This picture from Mars Pathfinder was taken at 9:30 AM in
the martian morning (2:30 PM Pacific Daylight Time), after the spacecraft
landed earlier today (July 4, 1997). The picture shows these Sojourner rover
perched on one of three solar panels. The rover is 65 cm (26 inches) long
by 18 cm (7 inches) tall; each of its wheels is about 13 cm (5 inches) high.
The white material to the left of the front of the rover is part of the
airbag system used to cushion the landing.
Many rocks of different of different sizes can be seen, set
in a background of reddish soil. The landing site is in the mouth of an
ancient channel carved by water. The rocks may be primarily flood debris.
The horizon is seen towards the top of the picture. The light brown hue
of the sky results from suspended dust.
Large boulders are visible in this enlargement of pictures
taken by the Mars Pathfinder lander camera on July 4, 1997. The landing
site is in the dry flood channel named Ares Valles. The boulders probably
represent deposits from one of the catastrophic floods that carved the ancient
channel. Between the rocks is brownish windblown soil. The gray-tan sky
results from dust particles in the atmosphere.
This closeup picture of the Mars Pathfinder lander shows the
front of the small Sojourner rover, perched on a solar panel. The white
material in front of the rover is a portion of the air bag system. Beyond
the air bag is the rock-strewn Martian surface. A number of image processing
artifacts are seen in this picture. Most apparent are seams between sub-frames
offsetting portions of the rover's wheels and solar panel, color fringes
that result from viewing the rover from the two separated eyes of the camera,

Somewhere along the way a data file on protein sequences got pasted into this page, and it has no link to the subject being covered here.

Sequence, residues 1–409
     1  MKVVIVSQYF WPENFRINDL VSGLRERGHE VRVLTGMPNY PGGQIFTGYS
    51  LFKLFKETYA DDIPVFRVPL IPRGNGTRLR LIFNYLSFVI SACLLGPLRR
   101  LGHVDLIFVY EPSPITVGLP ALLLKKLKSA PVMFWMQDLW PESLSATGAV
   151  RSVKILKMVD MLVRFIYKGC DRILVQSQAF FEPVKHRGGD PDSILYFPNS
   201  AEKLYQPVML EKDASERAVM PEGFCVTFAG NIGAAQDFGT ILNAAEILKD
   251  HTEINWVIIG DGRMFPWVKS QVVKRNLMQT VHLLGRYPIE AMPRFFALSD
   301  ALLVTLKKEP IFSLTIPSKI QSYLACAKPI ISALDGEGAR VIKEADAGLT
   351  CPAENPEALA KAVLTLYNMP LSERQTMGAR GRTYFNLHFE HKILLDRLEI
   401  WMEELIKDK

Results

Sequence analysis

and blocky fringes near edges and smooth areas that are created by data
This is one of the first pictures taken by the camera on the
Mars Pathfinder lander shortly after its touchdown at 10:07 AM Pacific Daylight
Time on July 4, 1997. The small rover, named Sojourner, is seen in the foreground
in its position on a solar panel of the lander. The white material on either
side of the rover is part of the deflated airbag system used to absorb the
shock of the landing. Between the rover and the horizon is the rock-strewn
martian surface. Two hills are seen in the right distance, profiled against
the light brown sky.
In this image from the Pathfinder IMP camera, a diversity
of rocks are strewn in the foreground. A hill is visible in the distance
(the notch within the hill is an image artifact). Airbags are seen at the
View of martian surface taken by the Imager for Mars Pathfinder
(IMP), the camera on board the Mars Pathfinder lander. This image was taken
in mid-morning on Mars (2:30 PM Pacific Daylight Time, July 4, 1997). Part
of the small rover, Sojourner, is visible on the left side of the picture.
The tan cylinder to the right of the rover is one of two rolled-up ramps
by which the rover will descend to the ground. The white, billowy material
in the center of the picture is part of the airbag system. Many rocks of
different shapes and sizes are visible between the lander and the horizon.
Two hills are visible on the horizon. The notch on the left side of the
leftmost conical hill is an artifact of the processing of this picture.
This image from the Pathfinder IMP camera shows the rear part
of the Sojourner rover, the rolled-up rear ramp, and portions of the partially
deflated airbags. The Alpha Proton X-ray Spectrometer is protruding from
the rear (right side) of the rover. The airbags behind the rover are presently
blocking the ramp from being safely unfurled.
This image from the Mars Pathfinder IMP camera shows airbags
in the foreground, a large rock in the mid-field, and a hill in the background.
This image from the Mars Pathfinder IMP camera shows portions
of the airbags, part of a petal, soil, and several rocks. The furrows in
the soil were artificially produced by the retraction of the airbags after